31. This could be viewed as the “screw the broker” clause. No matter how hard the broker works, or how close a successful short sale closing is, this would permit the servicer to not have to pay any commission to your broker if you just execute a deed in lieu of foreclosure.
32. What could be more objectionable and establish with certainty the illusory nature of the first position lender’s obligations than the paragraph identified in Point 30 above? That would be the very next paragraph, and the paragraph discussed below under Point 39, which very clearly negate any binding effect on the “deal”, by stating that the obligation to proceed is subject to the approval of the mortgage insurer (if any) (so, the lesson to be learned here – find out in advance if there is a mortgage insurer). To add insult to injury, however, this particular paragraph says it is also subject to the approval of the “mortgage holder.” Wasn’t that the entire purpose of this preapproval short sale letter?
33. Note that there is no identification of the actual amount of the so-called approved closing costs.
34. Redundant of earlier provisions.
35. Redundant of earlier provisions.
36. Does this refer to receipt of a bona fide purchase offer? Also, what about acceptance by you? What if you don’t accept the terms? Is the first position lender requiring that you submit all received purchase offers to it?
37. What if closing can’t occur within 45 calendar days? Once again, we see the creation of terms which don’t jive with the realities of a short sale transaction. First, many, if not most, short sale transactions will take far longer to close than 45 days after the execution of the purchase and sale documents. Second, many contingencies in a short sale transaction won’t even start to run until there is a notification to the buyer of the acceptance of the proposed short sale terms by the lenders(s) – note this means acceptance by, in this case, both the first and second position lenders, and while the first position lender has agreed to respond within a fixed period of time (as illusory as this may be), the second position lender has no such constraints and can easily take a month or two before even responding to a short sale proposal. This particular term is simply fantasy.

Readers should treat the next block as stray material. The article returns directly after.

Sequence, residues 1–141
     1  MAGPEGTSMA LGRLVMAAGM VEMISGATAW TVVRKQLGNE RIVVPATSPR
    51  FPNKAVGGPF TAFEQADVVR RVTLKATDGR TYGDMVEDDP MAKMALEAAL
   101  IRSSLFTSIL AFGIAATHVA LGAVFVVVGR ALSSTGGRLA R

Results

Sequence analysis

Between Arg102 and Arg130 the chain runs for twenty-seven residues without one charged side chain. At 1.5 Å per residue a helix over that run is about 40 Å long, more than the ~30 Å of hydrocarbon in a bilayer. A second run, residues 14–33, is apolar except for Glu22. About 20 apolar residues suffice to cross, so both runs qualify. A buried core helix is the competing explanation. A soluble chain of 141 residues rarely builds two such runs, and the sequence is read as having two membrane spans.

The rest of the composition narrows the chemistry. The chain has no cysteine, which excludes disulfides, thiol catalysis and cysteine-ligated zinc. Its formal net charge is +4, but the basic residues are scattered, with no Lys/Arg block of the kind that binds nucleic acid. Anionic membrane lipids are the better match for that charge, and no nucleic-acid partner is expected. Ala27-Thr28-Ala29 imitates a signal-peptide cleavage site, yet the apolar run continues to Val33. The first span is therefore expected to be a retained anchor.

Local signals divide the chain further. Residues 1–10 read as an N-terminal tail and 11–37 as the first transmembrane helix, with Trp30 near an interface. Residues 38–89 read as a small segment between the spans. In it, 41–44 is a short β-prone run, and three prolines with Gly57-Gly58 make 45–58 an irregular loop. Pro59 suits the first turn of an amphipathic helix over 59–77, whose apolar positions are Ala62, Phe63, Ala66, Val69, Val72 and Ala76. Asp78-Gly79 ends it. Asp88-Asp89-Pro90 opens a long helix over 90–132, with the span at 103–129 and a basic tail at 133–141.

38. Exactly who determines whether a party is performing “in good faith,” in order to get a foreclosure sale postponed?
39. The mortgage insurer or the guarantor of the loan (usually Fannie Mae or Freddie Mac), get to veto the deal. What exactly, in light of this provision, did the first position lender just agree to?
40. Have we used the term “illusory” yet? I believe so. Just add the terms covered by this Point 40 to emphasize the point. Good faith in marketing? Change occurs to the property or value? Who gets to answer these questions?
Conclusion: This is an assessment of just one form of HAFA short sale preapproval letter, and terms will vary from servicer to servicer, and also dependent upon who owns the loan. The analysis will also be somewhat different if there is only one loan against your property. However, hopefully this gives you some idea of what to look for when reviewing such a letter, and to exercise caution before proceeding (as the saying goes: Beware Greeks (i.e., lenders/servicers) bearing gifts).